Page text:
Tonight we attended a public meeting about the planned future road development. When it happens, we will lose a wide stretch of our yard to right-of-way and we'll gain a 4-lane expressway. Fortunately, it sounds like our stretch of road is about 20 years hence, and a lot can change in 20 years.

Sunday, November 16, 2008

Radishes and Wreaths

The Rochester Farmers' Market has moved into the Horse Building at the county fairgrounds for the season. We met some friendly new vendors yesterday and found several new veggies to try, including this large, gorgeous heirloom radish the farmer called "Beauty Heart" (It's in one seed catalog as "Chinese Red Meat." ) Not only were these radishes spectacular when sliced, they tasted fabulous. I definitely want to grow them!

Today was yet another gray day, but not too cold, so I decided to make a wreath. Our farm's previous owners must have cut off the top of a nice spruce for a Christmas tree last year, and the bottom was still growing. I pruned off a bunch of those branches and gathered up snips of juniper, white pine, sumac,pinecones and highbush cranberries from the woods. I had saved a 48-inch metal hoop from last year's wreath, to which I attached the boughs and decorative snips. Other than the hoop and the ribbon, the entire wreath came from our land.

While I was making the wreath, Rog was firing up the pizza oven to make bread and two small pizzas. He is getting to be really good at this! Here is the lovely pizza just before we devoured it.

Friday, November 14, 2008

Amazing Art Finds

Yesterday I made one of my all-too-frequent Salvation Army Thrift store stops (my secret source for great gardening books) and had one of my favorite finds--original art! I always feel a bit sad for the artists, who probably never envisioned their creation ending up in a thrift store, but I also feel so lucky when I have the opportunity buy interesting original art for a song. Plus, it is a mystery and a challenge to try to find out something about the artist.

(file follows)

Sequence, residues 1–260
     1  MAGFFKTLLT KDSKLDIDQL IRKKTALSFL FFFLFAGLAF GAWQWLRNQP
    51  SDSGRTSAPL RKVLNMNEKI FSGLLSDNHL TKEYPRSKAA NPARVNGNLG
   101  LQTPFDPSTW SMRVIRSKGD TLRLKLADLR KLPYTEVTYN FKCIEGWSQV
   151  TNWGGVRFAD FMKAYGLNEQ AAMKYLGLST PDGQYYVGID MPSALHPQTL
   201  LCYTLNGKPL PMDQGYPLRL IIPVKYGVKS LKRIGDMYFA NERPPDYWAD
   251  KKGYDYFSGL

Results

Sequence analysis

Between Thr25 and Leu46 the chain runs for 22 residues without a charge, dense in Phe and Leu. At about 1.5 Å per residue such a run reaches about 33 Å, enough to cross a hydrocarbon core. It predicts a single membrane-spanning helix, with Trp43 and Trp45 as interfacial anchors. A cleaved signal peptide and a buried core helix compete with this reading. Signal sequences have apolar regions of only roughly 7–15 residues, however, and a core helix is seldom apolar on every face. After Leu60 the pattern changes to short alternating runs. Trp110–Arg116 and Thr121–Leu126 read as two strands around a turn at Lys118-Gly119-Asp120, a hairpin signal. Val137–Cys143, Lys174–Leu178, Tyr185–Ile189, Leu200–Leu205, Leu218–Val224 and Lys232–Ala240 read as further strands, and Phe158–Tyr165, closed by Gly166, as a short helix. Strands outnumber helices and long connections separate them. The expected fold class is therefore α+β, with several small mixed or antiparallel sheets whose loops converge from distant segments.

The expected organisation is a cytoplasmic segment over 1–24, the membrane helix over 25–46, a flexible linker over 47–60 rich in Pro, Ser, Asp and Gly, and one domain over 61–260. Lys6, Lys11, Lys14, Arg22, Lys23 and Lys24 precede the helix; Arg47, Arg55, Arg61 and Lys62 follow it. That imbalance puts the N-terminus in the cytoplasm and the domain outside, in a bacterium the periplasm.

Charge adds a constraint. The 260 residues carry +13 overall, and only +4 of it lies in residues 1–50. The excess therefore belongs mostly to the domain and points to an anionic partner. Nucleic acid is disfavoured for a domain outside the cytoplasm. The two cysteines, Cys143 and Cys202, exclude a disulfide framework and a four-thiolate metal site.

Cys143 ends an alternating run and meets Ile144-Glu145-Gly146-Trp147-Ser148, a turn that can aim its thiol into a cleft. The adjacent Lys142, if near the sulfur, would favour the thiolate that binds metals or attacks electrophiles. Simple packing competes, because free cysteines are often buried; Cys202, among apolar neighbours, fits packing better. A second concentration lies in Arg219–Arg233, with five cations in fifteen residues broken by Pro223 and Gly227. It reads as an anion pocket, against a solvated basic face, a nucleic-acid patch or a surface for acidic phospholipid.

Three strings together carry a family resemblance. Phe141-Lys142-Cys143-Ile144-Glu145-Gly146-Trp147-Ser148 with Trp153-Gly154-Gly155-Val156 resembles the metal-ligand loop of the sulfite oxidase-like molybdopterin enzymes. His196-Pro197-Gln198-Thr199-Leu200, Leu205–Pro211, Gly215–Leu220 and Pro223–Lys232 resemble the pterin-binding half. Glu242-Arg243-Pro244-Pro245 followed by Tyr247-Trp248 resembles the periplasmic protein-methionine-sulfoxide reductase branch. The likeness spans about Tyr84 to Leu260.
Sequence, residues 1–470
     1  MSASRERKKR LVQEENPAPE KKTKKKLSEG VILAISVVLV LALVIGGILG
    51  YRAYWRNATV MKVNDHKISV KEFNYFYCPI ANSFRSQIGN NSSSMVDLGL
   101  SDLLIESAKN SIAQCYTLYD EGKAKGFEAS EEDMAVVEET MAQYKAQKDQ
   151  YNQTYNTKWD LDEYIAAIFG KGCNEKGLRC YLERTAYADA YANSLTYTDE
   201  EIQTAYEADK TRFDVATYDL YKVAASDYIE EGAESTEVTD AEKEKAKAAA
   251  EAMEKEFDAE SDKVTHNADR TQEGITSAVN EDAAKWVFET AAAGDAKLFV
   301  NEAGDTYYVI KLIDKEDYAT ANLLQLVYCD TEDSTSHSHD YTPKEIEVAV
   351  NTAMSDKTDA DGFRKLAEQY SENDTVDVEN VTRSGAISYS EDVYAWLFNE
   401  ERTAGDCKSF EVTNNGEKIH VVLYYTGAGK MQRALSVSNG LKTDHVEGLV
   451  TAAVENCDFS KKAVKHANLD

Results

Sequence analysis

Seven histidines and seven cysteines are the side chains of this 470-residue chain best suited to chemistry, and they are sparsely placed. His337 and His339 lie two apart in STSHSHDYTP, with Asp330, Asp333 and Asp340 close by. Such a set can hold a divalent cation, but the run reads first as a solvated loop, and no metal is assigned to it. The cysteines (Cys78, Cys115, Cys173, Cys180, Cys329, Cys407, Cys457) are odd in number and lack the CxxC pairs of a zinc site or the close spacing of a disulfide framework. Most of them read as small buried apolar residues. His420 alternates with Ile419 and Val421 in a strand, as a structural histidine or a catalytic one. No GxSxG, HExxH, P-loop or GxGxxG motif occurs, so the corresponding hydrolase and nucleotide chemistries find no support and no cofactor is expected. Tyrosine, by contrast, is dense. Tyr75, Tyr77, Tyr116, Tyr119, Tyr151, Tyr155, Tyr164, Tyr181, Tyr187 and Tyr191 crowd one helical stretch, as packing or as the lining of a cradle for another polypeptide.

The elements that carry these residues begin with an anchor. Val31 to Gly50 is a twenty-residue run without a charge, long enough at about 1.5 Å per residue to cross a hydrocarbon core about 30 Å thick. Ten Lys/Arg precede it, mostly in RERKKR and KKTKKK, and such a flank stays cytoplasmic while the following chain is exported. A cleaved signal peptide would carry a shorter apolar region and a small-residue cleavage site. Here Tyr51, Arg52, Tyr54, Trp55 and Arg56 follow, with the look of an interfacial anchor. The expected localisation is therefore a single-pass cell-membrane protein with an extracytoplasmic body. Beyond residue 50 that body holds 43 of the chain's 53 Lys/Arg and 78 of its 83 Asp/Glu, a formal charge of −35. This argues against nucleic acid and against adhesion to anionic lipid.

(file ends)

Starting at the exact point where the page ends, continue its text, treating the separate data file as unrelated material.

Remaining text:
This large watercolor of lilies is signed by Jane Boyd. Is anybody familiar with her? It was customed framed by Major Art in Davenport, IA, possibly in the 1970s, judging from the frame style. It looks lovely hanging above our piano!

This one is a miniature landscape painting in oil I found a few months ago. I can't quite make out the signature (Selient?)but on the back is written "Paesaggio" ("landscape") and it was apparently sold at "Botteghina d'Arte" in Naples, Italy--someone's souvenir perhaps? I also love the frame; it's 8 x 10, which gives you an idea of how tiny the painting is.

Here is my most mysterious painting, purchased at Goodwill last spring. It is casein, in a huge, black and white wooden frame. On the back is scrawled in pencil:"Christian Art and Spiritual World" "September 1957" and "Dedicated to Bishop Heidiger." It is signed by R. Zimmerman, which I like to imagine might be Robert Zimmerman...could Bob Dylan possibly have created such a painting in high school?

We have talked about turning part of the barn into a gallery(someday). Maybe it should be a second chance gallery, for underappreciated art that was relegated to the thrift store.

Thursday, November 13, 2008

2 Geese

Our younger daughter Cadence is currently living in Bogota, Columbia. Recently she called to tell us that she and her friend Javier had done something they hoped they wouldn't regret. Oh dear, they got married, I thought! No, they had purchased two goslings from a man they met walking down the street with a gaggle of geese (whew!). The goslings are an unidentified variety that has a funny-shaped beak and a crest on its head. Cadence emailed us this photo of the goslings before their feathers started growing out. She says she hopes to bring the geese to our farm when she returns to the U.S., but I suspect that could be quite a challenge.

Last week, Cadence informed us that she and Javier had rented a restaurant, which they were cleaning, painting, fixing up and would name "Dos Gansos" - Two Geese. The restaurant has an outdoor courtyard where the geese will live. Those of you who know Cadence and her vagabond ways might wonder how she could possibly afford to open a restuarant - but apparently it is much less costly in Bogota.